The name is Bond, Shane Bond
The best Test of the week was in Dunedin where New Zealand defeated Pakistan by 32 runs in a stirring see-saw encounter.
The main talking points centred on a debut and two comebacks. The former refers of course to the brilliant debut of Umar Akmal, which we have already focussed upon. The most significant comeback of Shane Bond was no less spectacular with the 34 year old speedster taking 5/107 and 3/46 to see the Black Caps over the line. The second comeback saw Mohammad Asif returning for his first Test for two years and taking match figures of 8/151.
In what was a close fought encounter Pakistan captain Younis Khan’s decision to ‘rest’ from this series probably cost his team dear as the failure of the top three to give Pakistan a good start in each innings meant that they were always chasing the game. Not exactly good leadership skills, Younis.
The Reverse Sweep XI – England’s Test best of the noughties
From this issue onwards, each issue of The Reverse Sweep will contain a fantasy XI picked by yours truly –please comment, agree, disagree or trash as you see fit!
The imminent end of the noughties provides a wealth of opportunity to compile fantasy teams, so for starters here is my England Test XI of the decade:
1. Marcus Trescothick – but for illness he would still be opening the batting for his country. Perhaps no player is missed more by England than Tresco.
2. Andrew Strauss – the current captain has scored 18 tons in 67 Tests and is an obvious pick.
3. Michael Vaughan (Captain) – his best batting performances for England were generally as opener but as captain he should bat at three.
4. Kevin Pietersen – leading runscorer in his debut series (the unforgettable Ashes of 2005) and hasn’t looked back since.
5. Graeme Thorpe – made significant contributions to momentous series victories in Pakistan, Sri Lanka, the Caribbean and South Africa to secure his place over Paul Collingwood.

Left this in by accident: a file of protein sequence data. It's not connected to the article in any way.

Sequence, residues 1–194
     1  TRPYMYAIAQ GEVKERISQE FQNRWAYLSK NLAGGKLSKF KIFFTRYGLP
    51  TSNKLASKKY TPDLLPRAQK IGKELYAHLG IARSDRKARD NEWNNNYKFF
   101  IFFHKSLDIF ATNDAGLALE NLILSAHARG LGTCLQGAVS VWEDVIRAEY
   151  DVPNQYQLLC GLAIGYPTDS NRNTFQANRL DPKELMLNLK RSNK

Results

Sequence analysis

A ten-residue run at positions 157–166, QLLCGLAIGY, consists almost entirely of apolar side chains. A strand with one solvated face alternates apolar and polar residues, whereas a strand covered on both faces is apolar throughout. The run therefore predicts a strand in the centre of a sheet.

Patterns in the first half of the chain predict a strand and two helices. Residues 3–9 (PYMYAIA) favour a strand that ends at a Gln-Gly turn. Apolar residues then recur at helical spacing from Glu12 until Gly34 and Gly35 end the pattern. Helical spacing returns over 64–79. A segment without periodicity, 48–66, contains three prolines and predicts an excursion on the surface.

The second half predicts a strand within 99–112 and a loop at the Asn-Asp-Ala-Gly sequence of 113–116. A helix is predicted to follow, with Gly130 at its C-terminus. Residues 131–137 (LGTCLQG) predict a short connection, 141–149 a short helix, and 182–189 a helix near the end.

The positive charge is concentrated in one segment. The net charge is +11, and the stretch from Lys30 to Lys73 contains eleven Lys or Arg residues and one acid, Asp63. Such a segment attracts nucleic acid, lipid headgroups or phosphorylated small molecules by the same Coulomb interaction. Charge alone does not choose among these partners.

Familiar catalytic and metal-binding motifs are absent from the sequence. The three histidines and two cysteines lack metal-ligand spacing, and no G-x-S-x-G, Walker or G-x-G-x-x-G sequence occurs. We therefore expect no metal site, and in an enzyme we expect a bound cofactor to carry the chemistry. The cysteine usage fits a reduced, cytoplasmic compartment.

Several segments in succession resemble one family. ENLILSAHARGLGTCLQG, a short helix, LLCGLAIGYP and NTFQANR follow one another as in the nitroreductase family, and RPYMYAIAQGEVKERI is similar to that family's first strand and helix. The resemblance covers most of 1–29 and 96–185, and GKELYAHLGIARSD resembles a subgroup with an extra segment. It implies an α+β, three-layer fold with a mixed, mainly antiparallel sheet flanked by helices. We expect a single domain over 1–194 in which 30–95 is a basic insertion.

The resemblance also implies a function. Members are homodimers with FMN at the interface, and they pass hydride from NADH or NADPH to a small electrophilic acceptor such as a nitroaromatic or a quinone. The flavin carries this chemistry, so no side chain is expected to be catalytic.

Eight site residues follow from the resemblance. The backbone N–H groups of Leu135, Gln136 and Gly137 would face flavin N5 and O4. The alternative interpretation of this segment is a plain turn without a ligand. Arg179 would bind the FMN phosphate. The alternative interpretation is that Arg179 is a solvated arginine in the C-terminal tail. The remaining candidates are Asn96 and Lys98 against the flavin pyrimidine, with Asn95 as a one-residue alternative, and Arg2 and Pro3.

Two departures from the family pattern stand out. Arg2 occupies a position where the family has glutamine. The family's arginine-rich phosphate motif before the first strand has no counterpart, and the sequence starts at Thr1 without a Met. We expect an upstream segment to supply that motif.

6. Andrew Flintoff – when he was at his peak in 2004 and 2005, before injuries took their toil, he was the undisputed best all-rounder in the World.
7. Geraint Jones – there is no outstanding candidate out of the plethora of keepers used by England this decade. Jones wins the day as Alec Stewart’s best work was in the 1990s.
8. Ashley Giles – the ‘King of Spain’ wins the pick ahead of Monty (too inconsistent) and Swann (not played enough Tests). The balance he added to the side was never really fully appreciated by critics but certainly was by his team mates and coach.
9. Matthew Hoggard – a hugely consistent performer and a vital cog in a formidable seam attack that drove England’s success in 2004 and 2005.
10. Steve Harmison – frustratingly unable to maintain the form that saw him ranked the number one bowler in the World in 2004, but on his day simply unplayable.
11. Andrew Caddick – could just as easily have been Simon Jones or Darren Gough, but Caddick shades it for me
Here comes the bride
And finally as a possible riposte to Shoaib Akhtar, who as we saw last week is apparently out of cricket for the next few months due to a liposuction operation, Gautam Gambhir has come up with another novel reason for missing a Test match.
Gambhir, who has been accumulating tons like Sir Donald Bradman in recent times, will miss the 3rd Test against Sri Lanka to attend his sister’s wedding. I wonder what Geoffrey Boycott makes of that?
That’s all for this week folks.